By Danny Yarnall
Nancy Childs woke up on March 21, 2019, to upsetting news for her and her husband, Mike. The Alzheimer’s study sponsored by Biogen and Eisai for their drug aducanumab had been pulled. And the rug had been pulled out from under Mike, Nancy, and many other study participants’ feet. This was the first they heard of the study’s closure, and Penn Memory Center staff were racing to reach out to other participants to provide some guidance.
This haphazard system of communication is addressed by PMC Scholar Emily Largent, JD, PhD, RN; and PMC Co-Director Jason Karlawish, MD, in a new paper out in JAMA Neurology. The paper, “Rescuing Research Participants After An Alzheimer’s Trial Stops Early—Sending Out an SOS,” outlines current issues in participant notification following large-scale drug trials closure and identifies ways for all stakeholders to improve going forward.
In a year that featured several major trial closures, participants were battered left and right by disheartening news, often only finding out once the story broke publicly.
“After the Biogen trial closed, a number of participants expressed dissatisfaction with how they learned about the trial closure. We started thinking about how we could do better,” said Dr. Largent.
The logistical challenge of notifying hundreds to thousands of participants is further complicated if the study sponsors are public companies. In the case of Biogen and Eisai, they have legal obligations to shareholders. Afterward, a simple press release can fulfill the requirements for these companies, allowing newsmedia to get a hold of the story before the study sites, research coordinators, and participants.
This hierarchy, while perhaps understandable in a legal framework, can leave participants like the Childs feeling as though they were “left to drown.” Drs. Karlawish and Largent suggest several options that both study sites and sponsors could use to act as life rafts in the event of study closure.
First, participants ought to be made aware of the possibility of study closure during the consent process as well as the company’s legal obligations to shareholders, with an opportunity to opt-in to receive the same press release at the time of the announcement.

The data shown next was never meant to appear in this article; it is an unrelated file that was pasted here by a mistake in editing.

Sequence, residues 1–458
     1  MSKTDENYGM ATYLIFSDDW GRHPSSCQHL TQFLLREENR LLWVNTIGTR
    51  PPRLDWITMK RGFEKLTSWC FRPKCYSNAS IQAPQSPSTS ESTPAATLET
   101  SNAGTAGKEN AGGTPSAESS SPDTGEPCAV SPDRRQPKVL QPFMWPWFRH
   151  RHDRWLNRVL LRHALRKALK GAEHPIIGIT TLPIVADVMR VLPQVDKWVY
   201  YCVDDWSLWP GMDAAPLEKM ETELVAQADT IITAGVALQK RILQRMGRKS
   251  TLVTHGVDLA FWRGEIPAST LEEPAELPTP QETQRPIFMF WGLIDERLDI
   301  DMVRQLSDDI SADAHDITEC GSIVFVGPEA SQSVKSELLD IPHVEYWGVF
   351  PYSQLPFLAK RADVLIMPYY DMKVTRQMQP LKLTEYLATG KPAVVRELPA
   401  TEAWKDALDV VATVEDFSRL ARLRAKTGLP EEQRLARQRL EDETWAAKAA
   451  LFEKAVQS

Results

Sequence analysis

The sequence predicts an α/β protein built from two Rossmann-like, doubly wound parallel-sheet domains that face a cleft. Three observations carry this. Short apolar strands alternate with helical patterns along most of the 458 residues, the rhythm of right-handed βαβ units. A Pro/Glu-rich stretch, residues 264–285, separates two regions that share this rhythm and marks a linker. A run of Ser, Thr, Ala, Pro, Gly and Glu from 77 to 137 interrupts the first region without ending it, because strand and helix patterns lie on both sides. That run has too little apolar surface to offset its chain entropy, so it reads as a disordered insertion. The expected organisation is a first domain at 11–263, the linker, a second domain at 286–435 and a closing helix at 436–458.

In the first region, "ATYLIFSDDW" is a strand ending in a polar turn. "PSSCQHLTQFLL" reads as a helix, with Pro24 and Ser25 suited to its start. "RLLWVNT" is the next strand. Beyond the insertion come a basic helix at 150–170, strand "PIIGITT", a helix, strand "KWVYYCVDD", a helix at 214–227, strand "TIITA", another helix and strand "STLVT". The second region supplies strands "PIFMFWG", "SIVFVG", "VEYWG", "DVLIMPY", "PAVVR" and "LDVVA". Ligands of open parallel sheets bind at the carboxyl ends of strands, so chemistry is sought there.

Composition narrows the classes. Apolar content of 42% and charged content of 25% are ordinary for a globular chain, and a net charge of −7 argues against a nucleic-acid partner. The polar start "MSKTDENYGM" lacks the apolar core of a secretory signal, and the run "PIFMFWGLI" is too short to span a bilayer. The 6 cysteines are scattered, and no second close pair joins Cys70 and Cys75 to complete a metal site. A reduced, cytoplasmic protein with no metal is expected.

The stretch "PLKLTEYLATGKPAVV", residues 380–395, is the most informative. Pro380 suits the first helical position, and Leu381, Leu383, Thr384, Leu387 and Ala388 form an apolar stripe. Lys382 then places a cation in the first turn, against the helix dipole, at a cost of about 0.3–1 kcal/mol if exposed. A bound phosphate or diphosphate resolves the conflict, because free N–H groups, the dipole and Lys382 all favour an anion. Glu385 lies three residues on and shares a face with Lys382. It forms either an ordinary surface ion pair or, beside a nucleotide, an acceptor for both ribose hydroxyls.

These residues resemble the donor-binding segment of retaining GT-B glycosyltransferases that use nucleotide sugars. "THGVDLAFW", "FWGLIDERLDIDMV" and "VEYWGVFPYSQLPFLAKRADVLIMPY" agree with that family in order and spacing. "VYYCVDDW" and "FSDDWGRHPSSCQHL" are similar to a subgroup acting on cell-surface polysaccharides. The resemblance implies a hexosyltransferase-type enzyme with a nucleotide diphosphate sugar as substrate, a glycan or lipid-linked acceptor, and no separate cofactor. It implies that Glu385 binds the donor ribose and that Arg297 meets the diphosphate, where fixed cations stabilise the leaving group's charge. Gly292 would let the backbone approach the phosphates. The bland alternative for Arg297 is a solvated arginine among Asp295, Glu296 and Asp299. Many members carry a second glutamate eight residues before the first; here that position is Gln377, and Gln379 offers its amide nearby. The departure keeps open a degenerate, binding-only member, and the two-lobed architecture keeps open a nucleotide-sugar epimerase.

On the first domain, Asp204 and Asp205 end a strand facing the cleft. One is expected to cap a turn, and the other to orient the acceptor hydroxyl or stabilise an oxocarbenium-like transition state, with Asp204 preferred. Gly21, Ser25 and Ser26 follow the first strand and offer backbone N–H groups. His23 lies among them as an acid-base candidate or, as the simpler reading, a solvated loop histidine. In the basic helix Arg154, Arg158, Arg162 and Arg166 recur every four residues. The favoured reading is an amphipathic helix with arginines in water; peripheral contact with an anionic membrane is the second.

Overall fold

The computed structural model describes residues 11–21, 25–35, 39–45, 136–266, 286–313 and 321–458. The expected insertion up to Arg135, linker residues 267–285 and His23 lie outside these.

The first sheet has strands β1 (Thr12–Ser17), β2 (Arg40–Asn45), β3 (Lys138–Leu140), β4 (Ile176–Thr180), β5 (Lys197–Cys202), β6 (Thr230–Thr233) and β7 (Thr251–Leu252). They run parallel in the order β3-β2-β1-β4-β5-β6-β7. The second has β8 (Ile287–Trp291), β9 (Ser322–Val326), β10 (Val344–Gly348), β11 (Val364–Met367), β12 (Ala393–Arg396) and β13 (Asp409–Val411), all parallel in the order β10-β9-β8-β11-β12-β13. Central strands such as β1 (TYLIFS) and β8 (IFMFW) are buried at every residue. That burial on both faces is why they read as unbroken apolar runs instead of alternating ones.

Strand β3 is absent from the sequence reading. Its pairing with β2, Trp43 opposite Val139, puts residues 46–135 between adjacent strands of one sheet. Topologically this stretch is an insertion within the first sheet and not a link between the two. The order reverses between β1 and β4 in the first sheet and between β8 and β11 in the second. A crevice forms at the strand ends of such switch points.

“I think we see an important role for study sponsors that’s been underexplored to date. The norm is for study sites to talk with participants – but as we’ve seen, this can leave participants feeling like they’re the last to know,” Dr. Largent said.
Study sites also bear the ethical concerns of the participants. After trial closures, participants lose the support network of the study team that was strengthened over months of visits, often seeing members of the team more often than their own family. This can result in, as Nancy Childs put, “another dimension of loss” and trauma for participants and their caregivers.
Drs. Largent and Karlawish present the need for greater care on behalf of the study site. They suggest that sites should conduct wellness checks with former participants after the study closes, provide additional support to those who benefit, and connect them with available resources.
The authors argued for greater ethical and moral consideration from study sites and study sponsors for the respect given to participants when these life-altering studies close.
Readers can find the full paper in JAMA Neurology.